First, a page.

In 2010, Justin Roberts was a newly minted Army chaplain and “very green” when he reported for duty with a crack battalion of the 101st Airborne Division.
“I showed up with my helmet cover on backwards,” he said. “I had a lot to learn.”
And learn he did—first about the appalling rate of suicides afflicting military members, then about bravery and sacrifice during a deployment with the Screaming Eagles that year to Afghanistan. The unit lost 18 soldiers killed in action and 200 earned Purple Hearts.
Upon the unit’s return a year later, Roberts said he learned another hard lesson: that churches don’t do nearly enough to minister to physically, emotionally and spiritually wounded soldiers and their families.
“You would think churches would be number one in being part of the answer, but I think they are simply unaware there is a problem at this point,” said Roberts.
So Roberts filmed and directed “No Greater Love,” a feature-length documentary using combat footage he shot while in Afghanistan along with post-deployment interviews of troops and their families.
The film shares the realities of war as experienced by the soldiers who served in Kunar Province, one of the most mountainous and treacherous parts of Afghanistan. The realities of losing loved ones to combat death, suicide or PTSD is also presented.
“These are a group of people struggling to reconnect with society,” said Roberts, now a civilian filmmaker.
“This film is to help raise awareness.”
‘That’s just crazy’
It’s already accomplished that in film circles since its first viewing in September.
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The film has earned several honors, including Best Documentary and the Mass Impact Award at the Boston Film Festival, where it premiered. It claimed Best of Show and Best Documentary at the Lake Charles Film Festival and Best Military Film at the San Diego Film Festival, among others.
And it also drew the attention and passion of Laura Fong, assistant professor and journalist-in-residence at Mercer’s Center for Collaborative Journalism.
Fong eventually became a producer for the film after meeting a soldier at a military hospital. He had been part of Roberts’ unit. She then connected with the chaplain while he was still on deployment.
The unique vision Roberts brings to the subject—as both a filmmaker and a member of the unit being documented—provides the film with an original perspective and message, Fong said.
“That’s just crazy,” she said of the notion of a serving chaplain carrying a camera into combat. “That’s not what chaplains typically do.”
She couldn’t say no when Roberts asked for help producing the film.
As a photo journalist, Fong said she’s been documenting the lives and struggles of military members, veterans and their families for a decade. No Greater Love is right up there with the most moving accounts of war and its aftermath that she’s seen.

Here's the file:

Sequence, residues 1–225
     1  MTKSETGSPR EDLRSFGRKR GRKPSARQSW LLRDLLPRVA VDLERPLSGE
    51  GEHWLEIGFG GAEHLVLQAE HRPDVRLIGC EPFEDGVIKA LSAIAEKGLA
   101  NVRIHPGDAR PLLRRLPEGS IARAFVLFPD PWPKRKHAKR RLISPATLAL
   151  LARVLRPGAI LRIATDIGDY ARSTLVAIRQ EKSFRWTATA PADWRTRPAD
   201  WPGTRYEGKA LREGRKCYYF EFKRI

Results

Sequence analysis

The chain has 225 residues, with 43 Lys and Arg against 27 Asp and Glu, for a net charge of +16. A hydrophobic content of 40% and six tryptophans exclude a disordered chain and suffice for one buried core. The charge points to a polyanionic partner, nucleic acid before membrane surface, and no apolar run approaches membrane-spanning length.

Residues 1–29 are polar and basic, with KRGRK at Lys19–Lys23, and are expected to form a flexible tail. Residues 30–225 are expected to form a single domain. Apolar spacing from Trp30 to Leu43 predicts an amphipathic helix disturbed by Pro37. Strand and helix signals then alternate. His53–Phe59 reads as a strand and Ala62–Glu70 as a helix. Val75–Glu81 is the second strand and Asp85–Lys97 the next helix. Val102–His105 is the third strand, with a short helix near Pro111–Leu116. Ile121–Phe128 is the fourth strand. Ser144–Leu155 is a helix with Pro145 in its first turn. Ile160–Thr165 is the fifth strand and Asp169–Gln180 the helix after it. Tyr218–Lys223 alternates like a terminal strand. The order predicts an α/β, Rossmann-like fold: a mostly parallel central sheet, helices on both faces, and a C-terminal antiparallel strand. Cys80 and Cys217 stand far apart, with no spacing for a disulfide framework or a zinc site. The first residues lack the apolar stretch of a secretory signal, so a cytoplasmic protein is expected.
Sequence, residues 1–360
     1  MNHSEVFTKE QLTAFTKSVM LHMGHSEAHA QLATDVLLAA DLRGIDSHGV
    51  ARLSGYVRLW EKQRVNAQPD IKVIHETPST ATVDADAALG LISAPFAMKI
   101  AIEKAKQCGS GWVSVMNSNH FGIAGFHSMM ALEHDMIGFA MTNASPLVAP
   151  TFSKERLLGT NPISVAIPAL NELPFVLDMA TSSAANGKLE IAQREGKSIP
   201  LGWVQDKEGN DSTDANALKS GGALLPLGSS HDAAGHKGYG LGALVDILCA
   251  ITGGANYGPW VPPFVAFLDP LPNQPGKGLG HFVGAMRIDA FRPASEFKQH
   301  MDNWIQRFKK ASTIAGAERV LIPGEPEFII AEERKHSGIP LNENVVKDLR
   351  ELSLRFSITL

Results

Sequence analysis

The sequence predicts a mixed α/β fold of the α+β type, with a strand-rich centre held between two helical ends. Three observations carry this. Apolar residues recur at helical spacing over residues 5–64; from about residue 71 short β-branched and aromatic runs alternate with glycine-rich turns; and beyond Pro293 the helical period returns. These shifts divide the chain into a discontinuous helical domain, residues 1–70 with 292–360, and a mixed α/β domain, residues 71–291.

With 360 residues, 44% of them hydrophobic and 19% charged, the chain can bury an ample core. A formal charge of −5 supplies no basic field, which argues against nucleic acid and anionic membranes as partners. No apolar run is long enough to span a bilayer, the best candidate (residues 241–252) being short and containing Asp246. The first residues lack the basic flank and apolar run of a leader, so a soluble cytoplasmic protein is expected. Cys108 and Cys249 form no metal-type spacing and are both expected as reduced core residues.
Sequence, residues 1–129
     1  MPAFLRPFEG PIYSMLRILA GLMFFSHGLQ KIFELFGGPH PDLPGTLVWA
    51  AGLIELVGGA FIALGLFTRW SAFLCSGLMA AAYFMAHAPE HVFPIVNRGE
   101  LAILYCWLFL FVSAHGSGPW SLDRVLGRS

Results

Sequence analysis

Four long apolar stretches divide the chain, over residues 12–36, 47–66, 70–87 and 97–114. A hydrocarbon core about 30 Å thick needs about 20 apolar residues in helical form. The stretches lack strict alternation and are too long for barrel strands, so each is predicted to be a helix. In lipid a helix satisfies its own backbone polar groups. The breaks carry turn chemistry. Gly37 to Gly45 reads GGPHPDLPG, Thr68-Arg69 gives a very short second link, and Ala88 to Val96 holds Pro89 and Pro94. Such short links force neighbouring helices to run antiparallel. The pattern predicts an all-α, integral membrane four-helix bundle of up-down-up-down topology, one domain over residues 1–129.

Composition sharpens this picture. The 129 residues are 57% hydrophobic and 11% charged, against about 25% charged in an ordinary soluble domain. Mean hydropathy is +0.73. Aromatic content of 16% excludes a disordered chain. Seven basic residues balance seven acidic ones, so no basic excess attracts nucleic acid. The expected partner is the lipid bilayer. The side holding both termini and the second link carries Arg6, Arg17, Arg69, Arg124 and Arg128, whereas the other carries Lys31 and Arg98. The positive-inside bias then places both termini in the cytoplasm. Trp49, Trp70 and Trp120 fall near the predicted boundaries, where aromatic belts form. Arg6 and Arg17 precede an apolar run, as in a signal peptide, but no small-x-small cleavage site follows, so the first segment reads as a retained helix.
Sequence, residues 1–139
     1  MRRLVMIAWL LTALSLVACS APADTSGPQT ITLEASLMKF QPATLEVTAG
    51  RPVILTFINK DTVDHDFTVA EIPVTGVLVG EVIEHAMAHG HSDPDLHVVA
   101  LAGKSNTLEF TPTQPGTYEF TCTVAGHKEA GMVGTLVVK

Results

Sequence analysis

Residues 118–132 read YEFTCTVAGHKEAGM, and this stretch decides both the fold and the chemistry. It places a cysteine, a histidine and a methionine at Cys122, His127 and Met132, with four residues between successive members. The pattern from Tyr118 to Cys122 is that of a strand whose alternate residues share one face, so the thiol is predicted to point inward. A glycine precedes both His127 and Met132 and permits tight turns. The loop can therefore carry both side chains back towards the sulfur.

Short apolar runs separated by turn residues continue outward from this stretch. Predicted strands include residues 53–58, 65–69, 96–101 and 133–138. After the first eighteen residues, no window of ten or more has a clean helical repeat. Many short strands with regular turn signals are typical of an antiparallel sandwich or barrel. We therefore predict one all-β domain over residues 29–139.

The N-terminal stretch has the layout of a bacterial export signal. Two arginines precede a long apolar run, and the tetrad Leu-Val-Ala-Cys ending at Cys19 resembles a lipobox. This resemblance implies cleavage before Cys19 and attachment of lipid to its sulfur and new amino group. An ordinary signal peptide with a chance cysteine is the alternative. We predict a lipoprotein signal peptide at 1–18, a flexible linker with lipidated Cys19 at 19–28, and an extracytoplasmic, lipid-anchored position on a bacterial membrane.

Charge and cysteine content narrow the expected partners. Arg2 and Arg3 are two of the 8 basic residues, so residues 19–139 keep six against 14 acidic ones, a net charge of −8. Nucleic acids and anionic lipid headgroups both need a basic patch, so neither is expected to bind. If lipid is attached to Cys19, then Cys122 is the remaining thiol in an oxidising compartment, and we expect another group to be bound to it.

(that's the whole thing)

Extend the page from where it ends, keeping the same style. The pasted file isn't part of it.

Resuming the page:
“It’s just so profound,” she said of the film she co-produced.
‘A critical thing’
Roberts said his lessons have also been profound.
Just before leaving for Afghanistan, Roberts said he asked a trusted first sergeant how he should conduct his ministry overseas. The non-commissioned officer, who didn’t particularly care for chaplains, advised him to stay near the action and to accompany each platoon on at least one patrol.
Roberts said he was able to ask that question, and get valuable advice, because he had gotten to know the man during months of responding to suicides or attempted suicides.
That relationship in turn helped him form relationships with other soldiers, which gave him a chance to intervene positively in their lives on deployment and back home.
“So connecting wasn’t a nice thing, it was a critical thing,” he said. “It saves lives.”
And it’s those kinds of connections military members, veterans and their families need from churches now, he said.
But it’s been a difficult undertaking at times, Roberts said.
“My encounter with the church when I got back has been strained because I keep on encountering pastors who are not intentionally reaching out to veterans,” said Roberts, who was raised Southern Baptist and attended Dallas Theological Seminary before entering the Army.
Some congregations are afraid to take on such ministries for fear that the difficulties working with combat veterans and the families can be overwhelming.
But those congregations could learn about faith from those served in military related ministries.
“I saw people with mixed relationships with God be willing to die for one another,” he said. “I have never seen that in the church.”
Now Roberts is hoping that his film, with a late-summer target release in theaters, will convince churches to embrace those ministries.
“We could head off thousands of deaths (from suicide) and millions of issues,” he said.
Roberts said he is working with Cru Military, a ministry of Campus Crusade for Christ, to form a relational ministry structure that churches can plug into.
By the time the film hits theaters, viewers will see a number during the credits to which they can text donations.
The idea is that seeing the emotional and physical price soldiers and their families pay to wage war will open pocketbooks and inspire ministry, he said.
“The great irony is that the one people group in our country who are in desperate need of help from the church and ministry, they are not a target for ministry,” Roberts said. “It’s not on the agenda.” (BNG)